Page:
A reader recently posted on my personal Facebook page: “Rand Paul besides the Patriot act is pretty much wrong on everything these days it seems… He is essentially the same as mcCain on foreign policy, he supports bombing Iraq and Syria, sanctions against Iran, supporting Ukrainian neo-nazis, and signed that treasonous letter to the Iranian government.”
My general impression of Rand Paul at this point is that he’s pretty good at criticizing some of the worst excesses of the domestic police state when compared with most other politicians (which is an extremely low standard), but his willingness to kowtow to the neocons on foreign policy issues at the very least cancels out what is good about him.
James Hohmann at Politico last week quotes me and some other people publicly associated with libertarianism to discuss where Rand Paul the presidential candidate stands in libertarian terms. His central thesis is that Paul is, in his own self-framing, declaring himself at best (in libertarian terms) merely libertarian-ish.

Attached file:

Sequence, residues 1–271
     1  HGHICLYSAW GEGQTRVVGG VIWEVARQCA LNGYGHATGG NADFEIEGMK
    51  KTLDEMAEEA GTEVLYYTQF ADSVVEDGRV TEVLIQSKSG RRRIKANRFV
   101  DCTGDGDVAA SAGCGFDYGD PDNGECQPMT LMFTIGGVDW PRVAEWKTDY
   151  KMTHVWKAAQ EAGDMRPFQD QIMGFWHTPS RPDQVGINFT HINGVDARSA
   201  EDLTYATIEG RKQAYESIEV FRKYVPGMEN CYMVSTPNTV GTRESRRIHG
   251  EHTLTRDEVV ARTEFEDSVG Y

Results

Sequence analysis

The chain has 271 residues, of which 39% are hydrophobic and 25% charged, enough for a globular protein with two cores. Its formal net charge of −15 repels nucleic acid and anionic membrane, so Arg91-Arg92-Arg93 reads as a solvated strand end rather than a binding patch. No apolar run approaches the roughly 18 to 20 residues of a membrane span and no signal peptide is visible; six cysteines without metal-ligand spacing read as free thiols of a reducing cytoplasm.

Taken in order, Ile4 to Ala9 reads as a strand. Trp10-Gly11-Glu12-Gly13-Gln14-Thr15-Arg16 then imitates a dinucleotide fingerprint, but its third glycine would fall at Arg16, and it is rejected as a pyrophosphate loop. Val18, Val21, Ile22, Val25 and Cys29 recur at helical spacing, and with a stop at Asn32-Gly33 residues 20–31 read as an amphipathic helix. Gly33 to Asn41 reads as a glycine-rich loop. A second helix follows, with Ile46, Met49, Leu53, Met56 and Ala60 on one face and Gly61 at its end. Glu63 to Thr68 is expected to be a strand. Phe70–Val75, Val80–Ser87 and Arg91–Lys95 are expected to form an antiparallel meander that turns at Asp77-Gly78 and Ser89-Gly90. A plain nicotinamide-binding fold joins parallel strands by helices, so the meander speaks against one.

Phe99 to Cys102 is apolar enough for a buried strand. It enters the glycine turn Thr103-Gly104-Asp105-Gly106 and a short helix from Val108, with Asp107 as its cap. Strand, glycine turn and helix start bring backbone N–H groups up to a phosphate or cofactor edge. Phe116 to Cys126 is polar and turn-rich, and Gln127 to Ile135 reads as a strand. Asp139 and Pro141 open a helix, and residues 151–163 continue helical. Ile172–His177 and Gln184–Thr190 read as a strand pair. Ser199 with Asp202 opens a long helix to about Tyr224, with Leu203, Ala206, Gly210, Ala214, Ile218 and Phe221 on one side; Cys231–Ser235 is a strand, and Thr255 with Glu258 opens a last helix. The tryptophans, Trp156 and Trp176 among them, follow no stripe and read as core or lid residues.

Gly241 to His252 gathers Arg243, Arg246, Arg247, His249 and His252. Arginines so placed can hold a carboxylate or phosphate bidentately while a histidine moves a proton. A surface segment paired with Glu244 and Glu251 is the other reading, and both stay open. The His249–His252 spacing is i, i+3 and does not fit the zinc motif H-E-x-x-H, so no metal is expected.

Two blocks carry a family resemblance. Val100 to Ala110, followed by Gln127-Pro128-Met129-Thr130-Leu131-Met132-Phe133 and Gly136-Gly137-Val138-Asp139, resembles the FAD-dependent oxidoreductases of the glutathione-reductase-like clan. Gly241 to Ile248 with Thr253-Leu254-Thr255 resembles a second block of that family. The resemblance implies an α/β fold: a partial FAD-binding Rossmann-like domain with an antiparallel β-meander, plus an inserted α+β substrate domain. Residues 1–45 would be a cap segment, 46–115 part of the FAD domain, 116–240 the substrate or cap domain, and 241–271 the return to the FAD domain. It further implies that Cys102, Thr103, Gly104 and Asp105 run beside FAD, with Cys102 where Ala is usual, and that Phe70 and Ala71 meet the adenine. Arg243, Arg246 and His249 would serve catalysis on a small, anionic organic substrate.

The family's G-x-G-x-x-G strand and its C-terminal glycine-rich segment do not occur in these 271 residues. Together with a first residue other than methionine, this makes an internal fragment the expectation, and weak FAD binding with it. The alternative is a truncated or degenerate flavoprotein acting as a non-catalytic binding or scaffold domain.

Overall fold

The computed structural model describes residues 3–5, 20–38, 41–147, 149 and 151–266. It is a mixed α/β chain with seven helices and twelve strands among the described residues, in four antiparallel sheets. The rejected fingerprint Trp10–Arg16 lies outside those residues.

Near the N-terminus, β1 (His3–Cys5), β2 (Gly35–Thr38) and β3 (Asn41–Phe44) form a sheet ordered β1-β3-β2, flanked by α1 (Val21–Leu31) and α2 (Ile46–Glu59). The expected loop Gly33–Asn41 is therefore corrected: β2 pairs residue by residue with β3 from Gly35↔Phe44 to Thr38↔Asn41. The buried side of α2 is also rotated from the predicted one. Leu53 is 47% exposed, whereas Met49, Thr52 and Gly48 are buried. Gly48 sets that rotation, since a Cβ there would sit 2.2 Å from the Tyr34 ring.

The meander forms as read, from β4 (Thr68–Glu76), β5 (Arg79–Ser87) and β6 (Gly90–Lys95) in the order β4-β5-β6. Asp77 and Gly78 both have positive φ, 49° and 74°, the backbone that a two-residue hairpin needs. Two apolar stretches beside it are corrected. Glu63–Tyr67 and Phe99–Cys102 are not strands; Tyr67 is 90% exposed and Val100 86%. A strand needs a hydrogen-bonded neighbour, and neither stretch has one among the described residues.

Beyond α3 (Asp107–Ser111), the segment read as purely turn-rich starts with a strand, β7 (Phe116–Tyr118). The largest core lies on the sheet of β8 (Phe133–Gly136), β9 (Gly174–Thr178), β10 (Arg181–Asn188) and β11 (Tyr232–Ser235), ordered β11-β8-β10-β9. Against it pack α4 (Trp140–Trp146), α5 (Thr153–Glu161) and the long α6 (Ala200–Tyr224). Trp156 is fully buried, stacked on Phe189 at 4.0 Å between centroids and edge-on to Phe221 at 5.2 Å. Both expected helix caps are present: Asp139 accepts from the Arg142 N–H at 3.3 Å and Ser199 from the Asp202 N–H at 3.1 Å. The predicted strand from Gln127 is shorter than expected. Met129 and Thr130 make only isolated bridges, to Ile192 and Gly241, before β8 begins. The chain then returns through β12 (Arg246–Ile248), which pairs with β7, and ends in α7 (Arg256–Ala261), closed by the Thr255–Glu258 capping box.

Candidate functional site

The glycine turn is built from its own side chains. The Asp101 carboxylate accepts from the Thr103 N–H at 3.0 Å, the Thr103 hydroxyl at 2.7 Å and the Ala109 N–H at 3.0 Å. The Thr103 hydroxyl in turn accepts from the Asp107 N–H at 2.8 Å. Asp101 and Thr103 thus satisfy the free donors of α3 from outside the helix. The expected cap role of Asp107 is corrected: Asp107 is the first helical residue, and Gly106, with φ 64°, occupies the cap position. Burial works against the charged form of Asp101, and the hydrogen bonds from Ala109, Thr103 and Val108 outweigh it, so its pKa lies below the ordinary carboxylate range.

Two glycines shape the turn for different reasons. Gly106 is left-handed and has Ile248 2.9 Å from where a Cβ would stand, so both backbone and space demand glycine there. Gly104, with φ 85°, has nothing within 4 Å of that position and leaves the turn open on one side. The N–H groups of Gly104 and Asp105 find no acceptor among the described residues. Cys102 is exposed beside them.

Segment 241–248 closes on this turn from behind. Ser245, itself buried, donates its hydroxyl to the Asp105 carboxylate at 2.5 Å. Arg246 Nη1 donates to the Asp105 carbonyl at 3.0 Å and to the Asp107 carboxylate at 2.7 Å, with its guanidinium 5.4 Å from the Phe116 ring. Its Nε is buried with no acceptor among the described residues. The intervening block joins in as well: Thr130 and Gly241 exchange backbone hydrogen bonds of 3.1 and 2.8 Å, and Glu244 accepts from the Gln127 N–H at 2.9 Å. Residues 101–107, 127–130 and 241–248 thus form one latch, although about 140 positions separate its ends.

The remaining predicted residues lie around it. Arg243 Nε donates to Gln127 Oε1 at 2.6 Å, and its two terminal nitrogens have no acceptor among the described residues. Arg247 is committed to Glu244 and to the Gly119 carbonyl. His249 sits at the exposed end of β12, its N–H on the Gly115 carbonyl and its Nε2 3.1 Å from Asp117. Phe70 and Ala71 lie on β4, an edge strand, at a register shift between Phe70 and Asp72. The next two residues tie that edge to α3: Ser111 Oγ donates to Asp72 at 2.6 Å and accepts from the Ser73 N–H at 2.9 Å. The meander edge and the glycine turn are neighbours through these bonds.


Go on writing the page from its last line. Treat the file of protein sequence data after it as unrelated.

Hohmann sums up where Rand differs from the more steadfastly libertarian Ron Paul well:
here’s no talk from the Kentuckian about ending the Federal Reserve, no quoting Friedrich Hayek and no laments about how the U.S. deserves a share of blame for terrorism – all hallmarks of Ron Paul presidential campaign rallies. Doom-and-gloom has been replaced by sunny optimism; the language of revolution has been supplanted by something that sounds a lot more incremental and a lot less edgy.
The Federal Reserve reads less vital as an issue in a time a few years past what legitimately read as an economic crisis to which they could be convincingly blamed. Talking of Austrian economists and American foreign policy crimes just doesn’t sell to a mass audience, Rand Paul’s campaign doubtless believes.